Michael O'Hare is a public policy researcher. He teaches at UC Berkeley and specializes in the arts and the environment. He does not sound like a very threatening guy. But, since the early 1980s, Michael O'Hare has been the subject of another man's obsessive quest to find the true identity of the Zodiac Killer.
Let's be clear. Michael O'Hare is not the Zodiac Killer. He's got a pretty good alibi—namely the fact that he was nowhere near California when the murders happened. In fact, his name only entered the field because an enthusiast named Gareth Penn analyzed some of the famous Zodiac cryptograms and somehow came up with the name "Michael O". How that led Penn to O'Hare isn't exactly clear, but however it happened, Penn has spent the last 30 years telling anyone who will listen that Michael O'Hare is the Zodiac Killer.
And that has made O'Hare's life rather ... interesting. This weekend, I ran across a 2009 essay, written by O'Hare, describing his experience as the unwitting subject of somebody else's conspiracy theory. This is old, but I wanted to share it because it's such a rare perspective on this kind of thing. In the age of the Internet, it's easy to read up on conspiracy theories covering just about any topic. For most of them, you can also find extensive debunking sources. It's much less common for somebody at the center of the story to talk about what that experience has been like. Totally fascinating.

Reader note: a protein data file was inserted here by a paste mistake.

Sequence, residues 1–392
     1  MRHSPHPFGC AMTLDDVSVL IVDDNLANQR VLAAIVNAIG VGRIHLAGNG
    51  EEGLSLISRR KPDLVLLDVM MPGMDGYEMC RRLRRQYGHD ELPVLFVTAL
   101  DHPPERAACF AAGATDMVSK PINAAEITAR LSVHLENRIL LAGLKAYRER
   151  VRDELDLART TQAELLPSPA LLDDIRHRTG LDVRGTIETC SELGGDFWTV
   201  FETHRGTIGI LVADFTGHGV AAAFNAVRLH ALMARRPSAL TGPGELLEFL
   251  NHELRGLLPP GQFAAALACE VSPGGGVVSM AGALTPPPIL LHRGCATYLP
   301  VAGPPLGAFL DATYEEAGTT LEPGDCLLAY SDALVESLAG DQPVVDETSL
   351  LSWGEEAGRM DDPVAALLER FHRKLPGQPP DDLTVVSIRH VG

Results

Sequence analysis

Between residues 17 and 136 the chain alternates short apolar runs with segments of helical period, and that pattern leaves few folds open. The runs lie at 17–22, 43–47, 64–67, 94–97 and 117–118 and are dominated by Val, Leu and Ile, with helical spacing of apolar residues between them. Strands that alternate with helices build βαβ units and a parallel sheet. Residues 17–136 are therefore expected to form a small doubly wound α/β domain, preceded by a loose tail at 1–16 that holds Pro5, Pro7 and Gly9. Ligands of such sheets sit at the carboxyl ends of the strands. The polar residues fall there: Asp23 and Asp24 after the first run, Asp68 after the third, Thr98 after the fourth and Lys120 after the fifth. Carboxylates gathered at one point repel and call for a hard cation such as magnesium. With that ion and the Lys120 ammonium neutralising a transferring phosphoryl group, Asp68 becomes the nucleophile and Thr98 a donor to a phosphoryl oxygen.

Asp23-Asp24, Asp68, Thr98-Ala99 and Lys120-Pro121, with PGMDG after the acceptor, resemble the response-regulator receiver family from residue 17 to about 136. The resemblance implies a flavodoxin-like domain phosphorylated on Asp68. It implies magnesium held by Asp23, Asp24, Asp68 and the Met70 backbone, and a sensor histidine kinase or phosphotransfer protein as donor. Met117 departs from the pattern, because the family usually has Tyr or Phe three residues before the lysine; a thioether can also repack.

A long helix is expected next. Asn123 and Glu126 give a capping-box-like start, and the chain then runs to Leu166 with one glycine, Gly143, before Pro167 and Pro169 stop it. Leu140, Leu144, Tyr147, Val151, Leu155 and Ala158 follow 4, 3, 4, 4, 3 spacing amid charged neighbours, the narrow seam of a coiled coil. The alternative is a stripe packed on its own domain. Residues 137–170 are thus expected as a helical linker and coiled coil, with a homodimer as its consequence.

The decades since Penn fixed his sights on me have not been a living hell, much as that would spice up this story. They have been an ordinary life, punctuated by one or another flurry of fuss from Penn, sometimes involving pages of numbers (for example, the data pages from my PhD thesis) with this or that sequence picked out, circled, and "decoded" into words that fit somehow into Penn’s model of the crimes.
My favorite episode was the phone calls. Sometime in the 1980s, I started getting them at two and three in the morning. When my wife or I answered, a male voice would say something vaguely threatening like "I’m coming north, and I’m going to get you soon!" .... The calls were supposed to be transmitting coded messages via numbers—in particular, the time of the call! Apparently, Penn’s assumption was that when the average person is aroused by the phone in the middle of the night, the first thing he does, before woozily answering, is to note the time of the first ring on the digital clock he keeps by the bed—which is, of course, synchronized with the clock in the Naval Observatory. If your clock (or his) is off by just a couple of minutes, the call that was supposed to register as "2:14"—code for "Got you dead to rights this time"—will be misinterpreted as "2:16," which I think means "The Sox can’t make the playoffs without a closer." (Sadly, I’ve lost the magic decoder ring I got in exchange for cereal box tops as a child, so I can’t be sure.) The story got even better years later, when I discovered that a Penn skeptic had been calling him at home at times that figured into Penn’s theory, whereupon Penn assumed the calls came from me and "returned" them to my house, so he thought he was having a conversation with me, all in three-digit numbers.
Maggie Koerth-Baker is the science editor at BoingBoing.net. She writes a monthly column for The New York Times Magazine and is the author of Before the Lights Go Out, a book about electricity, infrastructure, and the future of energy. You can find Maggie on Twitter and Facebook.